Never mind that our readers’ top pick for 2013 was actually published on December 27, 2011. It’s part of a trend involving a certain mop-topped bunch.
In fact, a Something Else! listing of those moments when the Beatles dared disappoint finds itself atop this particular poll — based on original-content page views over the past calendar year — for the second straight time.
That, however, is not all. Readers also flocked to Kit O’Toole’s in-depth analysis of “The End,” from the Fab Four’s swansong studio effort, Abbey Road. And to our companion-piece examination of those times that the solo Beatles didn’t quite measure up, too. (Sorry, Macca!)
Elsewhere, our appreciation piece on Peter Banks, written the awful night of the original Yes guitarist’s passing at just 65, became a rallying point for fans. We also caught up with Adrian Belew, just as he left Nine Inch Nails to focus on a fascinating new solo effort.
Fred Phillips found a surprising favorite in the new album from Carcass, even as we started a series of (OK, very entertaining) arguments over Mark Saleski’s picks for top guitarists.
You grabbed the popcorn for a sitdown with Jordan Richardson’s creep-fest list of greatest vampire flicks, and delved deeper with Nick DeRiso into the Band’s seminal “Night They Drove Old Dixie Down.”
Then, there was the time we picked our least-favorite Led Zeppelin songs — and included one particular fan-favorite ballad among our unlucky five …
No. 10: GIMME FIVE: SONGS WHERE LED ZEPPELIN, WELL, SUCKED: It’s become fashionable to like Led Zeppelin again, after the release of their 2007 partial reunion concert. Luckily, Celebration Day doesn’t include any of these duds. Looking back, it seems for every “Black Dog,” Robert Plant, Jimmy Page, John Paul Jones and the late John Bonham (replaced by son Jason in the newly issued project) would unleash a “Hot Dog.” For every “Ramble On,” there was, alas, a “Bring It On Home.” For every “Whole Lotta Love,” you had an “All My Love.” — Nick DeRiso
[SOMETHING ELSE! REWIND: Exploring five oft-overlooked deep cuts from the solo careers of Led Zeppelin’s Jimmy Page, Robert Planty and John Paul Jones.]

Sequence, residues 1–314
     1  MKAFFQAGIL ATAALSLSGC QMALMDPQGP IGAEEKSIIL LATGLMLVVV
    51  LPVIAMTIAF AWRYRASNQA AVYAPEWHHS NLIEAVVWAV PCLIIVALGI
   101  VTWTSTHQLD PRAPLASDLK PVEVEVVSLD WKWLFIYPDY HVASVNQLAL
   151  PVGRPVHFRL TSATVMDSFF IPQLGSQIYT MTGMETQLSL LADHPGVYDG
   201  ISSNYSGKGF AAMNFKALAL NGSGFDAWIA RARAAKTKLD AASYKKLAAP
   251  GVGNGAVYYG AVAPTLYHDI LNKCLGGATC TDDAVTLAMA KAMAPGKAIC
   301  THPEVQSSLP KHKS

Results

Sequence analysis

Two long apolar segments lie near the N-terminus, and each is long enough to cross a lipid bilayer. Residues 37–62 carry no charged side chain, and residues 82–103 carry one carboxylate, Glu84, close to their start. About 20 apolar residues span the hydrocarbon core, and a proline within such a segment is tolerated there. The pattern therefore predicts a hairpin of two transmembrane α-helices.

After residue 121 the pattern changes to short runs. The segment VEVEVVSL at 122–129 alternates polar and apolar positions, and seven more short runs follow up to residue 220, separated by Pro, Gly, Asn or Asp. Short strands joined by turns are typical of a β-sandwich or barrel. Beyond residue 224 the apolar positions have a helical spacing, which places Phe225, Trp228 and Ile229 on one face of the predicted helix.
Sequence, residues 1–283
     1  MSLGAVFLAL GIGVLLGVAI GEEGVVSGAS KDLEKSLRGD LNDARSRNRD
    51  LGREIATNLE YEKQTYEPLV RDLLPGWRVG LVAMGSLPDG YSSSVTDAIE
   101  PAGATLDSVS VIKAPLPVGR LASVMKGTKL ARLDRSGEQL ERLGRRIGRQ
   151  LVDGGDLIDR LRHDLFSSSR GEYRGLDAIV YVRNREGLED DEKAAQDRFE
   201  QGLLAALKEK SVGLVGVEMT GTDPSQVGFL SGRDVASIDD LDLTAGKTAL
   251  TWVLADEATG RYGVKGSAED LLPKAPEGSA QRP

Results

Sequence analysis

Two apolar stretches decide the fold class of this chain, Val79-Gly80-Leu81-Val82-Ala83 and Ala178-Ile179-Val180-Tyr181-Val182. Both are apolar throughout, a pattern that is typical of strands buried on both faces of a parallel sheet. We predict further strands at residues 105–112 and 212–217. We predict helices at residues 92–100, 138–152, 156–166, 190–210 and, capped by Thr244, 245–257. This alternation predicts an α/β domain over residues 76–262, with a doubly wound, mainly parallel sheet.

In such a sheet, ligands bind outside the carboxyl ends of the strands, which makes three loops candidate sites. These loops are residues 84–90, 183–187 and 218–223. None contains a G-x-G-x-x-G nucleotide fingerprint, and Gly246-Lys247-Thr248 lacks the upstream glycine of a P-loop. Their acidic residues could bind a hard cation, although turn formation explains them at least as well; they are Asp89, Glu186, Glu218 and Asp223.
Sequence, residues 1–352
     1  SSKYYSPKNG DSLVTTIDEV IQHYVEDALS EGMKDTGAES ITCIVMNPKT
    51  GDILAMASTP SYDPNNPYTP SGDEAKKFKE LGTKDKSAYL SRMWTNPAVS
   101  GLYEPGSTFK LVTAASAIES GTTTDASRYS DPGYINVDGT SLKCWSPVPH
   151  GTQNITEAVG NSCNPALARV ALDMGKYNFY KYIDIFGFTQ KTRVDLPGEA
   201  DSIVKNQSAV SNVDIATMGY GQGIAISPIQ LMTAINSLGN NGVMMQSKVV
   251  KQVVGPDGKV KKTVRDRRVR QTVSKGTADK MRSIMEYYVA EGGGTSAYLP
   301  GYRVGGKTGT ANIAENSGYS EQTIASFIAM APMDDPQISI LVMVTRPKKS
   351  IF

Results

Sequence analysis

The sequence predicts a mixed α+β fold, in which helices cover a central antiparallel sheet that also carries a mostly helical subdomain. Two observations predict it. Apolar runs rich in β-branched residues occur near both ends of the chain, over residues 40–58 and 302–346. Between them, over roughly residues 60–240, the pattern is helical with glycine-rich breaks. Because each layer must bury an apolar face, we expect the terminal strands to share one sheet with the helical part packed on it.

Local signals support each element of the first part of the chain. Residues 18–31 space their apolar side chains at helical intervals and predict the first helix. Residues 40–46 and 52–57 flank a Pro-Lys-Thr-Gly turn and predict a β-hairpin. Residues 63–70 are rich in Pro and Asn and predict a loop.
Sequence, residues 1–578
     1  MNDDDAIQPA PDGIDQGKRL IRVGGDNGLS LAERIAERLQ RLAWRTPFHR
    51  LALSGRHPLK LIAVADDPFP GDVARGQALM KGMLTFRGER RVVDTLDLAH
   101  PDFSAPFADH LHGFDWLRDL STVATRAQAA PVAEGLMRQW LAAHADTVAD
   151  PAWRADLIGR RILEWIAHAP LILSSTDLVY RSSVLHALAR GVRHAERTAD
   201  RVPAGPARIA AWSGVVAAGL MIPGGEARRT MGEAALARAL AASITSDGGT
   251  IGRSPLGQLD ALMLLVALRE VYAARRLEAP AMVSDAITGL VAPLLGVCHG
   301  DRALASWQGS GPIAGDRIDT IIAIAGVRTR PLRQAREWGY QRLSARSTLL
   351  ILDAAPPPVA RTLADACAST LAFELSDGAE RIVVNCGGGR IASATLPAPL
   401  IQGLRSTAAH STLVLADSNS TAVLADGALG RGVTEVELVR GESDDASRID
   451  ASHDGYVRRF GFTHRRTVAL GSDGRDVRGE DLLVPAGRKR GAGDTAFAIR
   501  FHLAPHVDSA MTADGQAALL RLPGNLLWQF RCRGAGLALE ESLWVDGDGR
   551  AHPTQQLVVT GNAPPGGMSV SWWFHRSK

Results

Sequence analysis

No. 9: GIMME FIVE: SOLO BEATLES RECORDS THAT, WELL, SUCKED: For all of the promise that greeted their time apart — we’ll get four Beatles albums a year now! — the reality was far different as Paul McCartney, John Lennon and George Harrison embarked on solo careers. You’ll notice that fewer Lennon recordings appear on our list than do those from McCartney or Harrison, because it seems even his failures were more interesting than theirs. You also might expect most of our entries to have come from the 1980s, a largely bereft period for many of their generation, but our list is actually evenly divided between that decade and the 1970s. — Nick DeRiso
[SOMETHING ELSE! INTERVIEW: Joey Molland discusses working with John Lennon and George Harrison on early-1970s solo projects, as well as some of Badfinger’s most memorable moments.]
No. 8: CARCASS – SURGICAL STEEL (2013): The first record since 1996 from reunited English death metal legends Carcass, Surgical Steel is probably one of the most anticipated of the year for many metal fans. I can’t really say that I was among them. Death metal, in general, is a hard sell for me. So, I was pretty damned surprised by what I found. It’s that rare death metal record that I can’t get enough of. It achieves the perfect blend of harshness and melody for my ears. — Fred Phillips
[SOMETHING ELSE! REWIND: Join Fred Phillips as he explores the country-fried rock of Hank Williams III, Blackberry Smoke, David Allan Coe, Powder Mill, Chris Knight and others.]
No. 7: DEEP BEATLES: “THE END,” FROM ABBEY ROAD (1969): The final section of the Abbey Road medley also symbolizes the Beatles winding down their careers. With this track, the Beatles went out at the top of their game, providing fans with a perfect summary of the 1960s spirit. “The End” found a perfect place in the medley, too, and not simply because it signals the apparent end of Abbey Road. After the angst expressed in “Carry That Weight” and the “You Never Give Me Your Money” reprise, “The End” injects pure adrenaline and joy into the proceedings. — Kit O’Toole
[SOMETHING ELSE! REWIND: S. Victor Aaron, Nick DeRiso, Kit O’Toole and Beverly Paterson take a second, deeper look into the Beatles’ timeless swansong, ‘Abbey Road.’]